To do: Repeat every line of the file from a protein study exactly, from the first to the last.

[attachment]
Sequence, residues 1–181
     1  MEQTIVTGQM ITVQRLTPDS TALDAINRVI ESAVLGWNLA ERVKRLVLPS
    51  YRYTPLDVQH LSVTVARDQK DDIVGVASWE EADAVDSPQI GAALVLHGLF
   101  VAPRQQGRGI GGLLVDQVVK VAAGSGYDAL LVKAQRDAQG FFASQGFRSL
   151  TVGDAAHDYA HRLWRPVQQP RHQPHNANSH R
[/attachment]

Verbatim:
Sequence, residues 1–181
     1  MEQTIVTGQM ITVQRLTPDS TALDAINRVI ESAVLGWNLA ERVKRLVLPS
    51  YRYTPLDVQH LSVTVARDQK DDIVGVASWE EADAVDSPQI GAALVLHGLF
   101  VAPRQQGRGI GGLLVDQVVK VAAGSGYDAL LVKAQRDAQG FFASQGFRSL
   151  TVGDAAHDYA HRLWRPVQQP RHQPHNANSH R